Teen Wolf at Comic-Con: Showrunner says series is going to 'darker places'

With Season 5 underway and Season 6 already announced, the cast and showrunner of Teen Wolf were ready to talk at Comic-Con.

Stars Tyler Posey (Scott), Dylan Sprayberry (Liam) and Cody Christian (Theo), along with creator/showrunner Jeff Davis, were on hand to discuss the MTV series' already-in-progress fifth season, which has aired three episodes so far (the fourth segment of this season's 20 -- which are being split into two 10-show mini-seasons -- airs this Monday, July 13).

Posey was asked what he would change if he could alter one thing about his character: "The first thing that comes to mind would be not to get bit by a werewolf, but he's learned so much about himself that I don't think I would change that ... maybe if he could be a little quicker on running through the door to save his ex-girlfriend who got killed."

With the cast soon moving into post-high-school life, Posey was asked how that might change the show. "It such an interesting topic to deal with, because the high school itself is a character," mused the actor. "It's really such a vital part of the show. It's been around since the first episode. We could just carry it on into college, Scott has a lot of aspirations to go to a really good college, but I think it's really cool to see what Beacon Hills and Teen Wolf will be like without a high-school aspect."

Actor Cody Christian, who plays the new character Theo, seemed flattered when told that Davis referred to the character as Teen Wolf's Joffrey (the late, hated boy king from Game of Thrones). "It's an honor," he said. "I feel like the opportunity I've gotten already being on the show and this meaty character that I've been given already has so much substance. Theo has everywhere to go this season, and playing a character like that is just an incredible experience."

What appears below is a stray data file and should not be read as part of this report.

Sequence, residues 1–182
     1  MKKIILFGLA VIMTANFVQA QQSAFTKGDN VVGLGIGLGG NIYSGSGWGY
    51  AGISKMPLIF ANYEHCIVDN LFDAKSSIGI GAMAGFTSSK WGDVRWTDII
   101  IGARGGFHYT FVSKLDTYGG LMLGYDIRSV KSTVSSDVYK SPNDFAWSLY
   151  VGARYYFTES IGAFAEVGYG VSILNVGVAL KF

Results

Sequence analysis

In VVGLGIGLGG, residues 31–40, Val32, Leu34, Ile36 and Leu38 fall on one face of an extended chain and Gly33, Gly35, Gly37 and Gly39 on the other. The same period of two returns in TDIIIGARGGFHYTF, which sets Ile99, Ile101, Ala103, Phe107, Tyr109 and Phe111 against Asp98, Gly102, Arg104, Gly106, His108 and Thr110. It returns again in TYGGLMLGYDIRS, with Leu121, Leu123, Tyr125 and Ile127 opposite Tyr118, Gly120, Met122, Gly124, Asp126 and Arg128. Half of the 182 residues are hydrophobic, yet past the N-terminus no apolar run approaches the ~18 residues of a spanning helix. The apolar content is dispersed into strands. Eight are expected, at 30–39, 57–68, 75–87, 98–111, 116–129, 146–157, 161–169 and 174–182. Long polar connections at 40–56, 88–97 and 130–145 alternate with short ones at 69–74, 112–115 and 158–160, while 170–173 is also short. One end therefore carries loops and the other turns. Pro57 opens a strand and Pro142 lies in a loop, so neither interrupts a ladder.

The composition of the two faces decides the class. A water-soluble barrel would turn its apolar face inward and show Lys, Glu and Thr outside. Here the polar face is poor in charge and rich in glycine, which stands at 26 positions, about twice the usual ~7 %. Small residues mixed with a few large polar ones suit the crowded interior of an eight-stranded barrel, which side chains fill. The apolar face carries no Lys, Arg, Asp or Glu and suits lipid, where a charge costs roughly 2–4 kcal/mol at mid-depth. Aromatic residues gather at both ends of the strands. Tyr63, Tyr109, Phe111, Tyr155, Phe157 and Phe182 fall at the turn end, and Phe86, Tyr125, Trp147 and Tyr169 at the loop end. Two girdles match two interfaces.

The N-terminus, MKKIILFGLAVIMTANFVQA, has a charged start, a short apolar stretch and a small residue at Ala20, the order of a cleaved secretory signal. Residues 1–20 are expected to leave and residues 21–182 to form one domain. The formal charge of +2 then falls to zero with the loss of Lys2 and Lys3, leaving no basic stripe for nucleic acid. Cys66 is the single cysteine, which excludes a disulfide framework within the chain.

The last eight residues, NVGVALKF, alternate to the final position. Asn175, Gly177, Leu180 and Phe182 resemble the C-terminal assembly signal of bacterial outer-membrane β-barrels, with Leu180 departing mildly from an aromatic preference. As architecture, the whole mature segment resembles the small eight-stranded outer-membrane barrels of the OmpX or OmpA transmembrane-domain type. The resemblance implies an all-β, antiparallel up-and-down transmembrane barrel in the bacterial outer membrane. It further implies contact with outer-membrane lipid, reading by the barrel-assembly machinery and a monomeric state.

But what about the big question: Is Theo a werewolf? Christian starts to hedge but then comes clean: "Well, we've already seen him with fangs ... we saw it and it is what it is. I think he's full werewolf."

Showrunner Jeff Davis, meanwhile, shared some thoughts about the season airing now, calling it "complicated" and admitting that splitting the season into two halves has been a challenge. "It's been new for us," he acknowledged, "But it's also nice to have a different structure. It's allowed us to take the characters to places I don't think we've taken them before. Darker places, definitely. 

"We have some big twists and turns coming up that sort of split the characters apart," he continued. "For Scott especially, we're calling it the season of failure of leadership. He's been a pretty good leader so far, he's learned a lot, but eventually he has to learn how to fail."

Davis also addressed his tendency to have each season of Teen Wolf tell one story with a definite ending, rather than leaving things on a season-ending cliffhanger. "We've had a few cliffhangers, but I like telling a complete story," he said. "I think it's very satisfying. You can see that story as one book in a series of books, essentially ... I mean, we have plenty of questions that still linger, but the storyline is wrapped up in a hopefully satisfying way."

We won't find out about that for a while: The first half of Teen Wolf's fifth season ends in late August, but the start date for the back 10 has yet to be confirmed.

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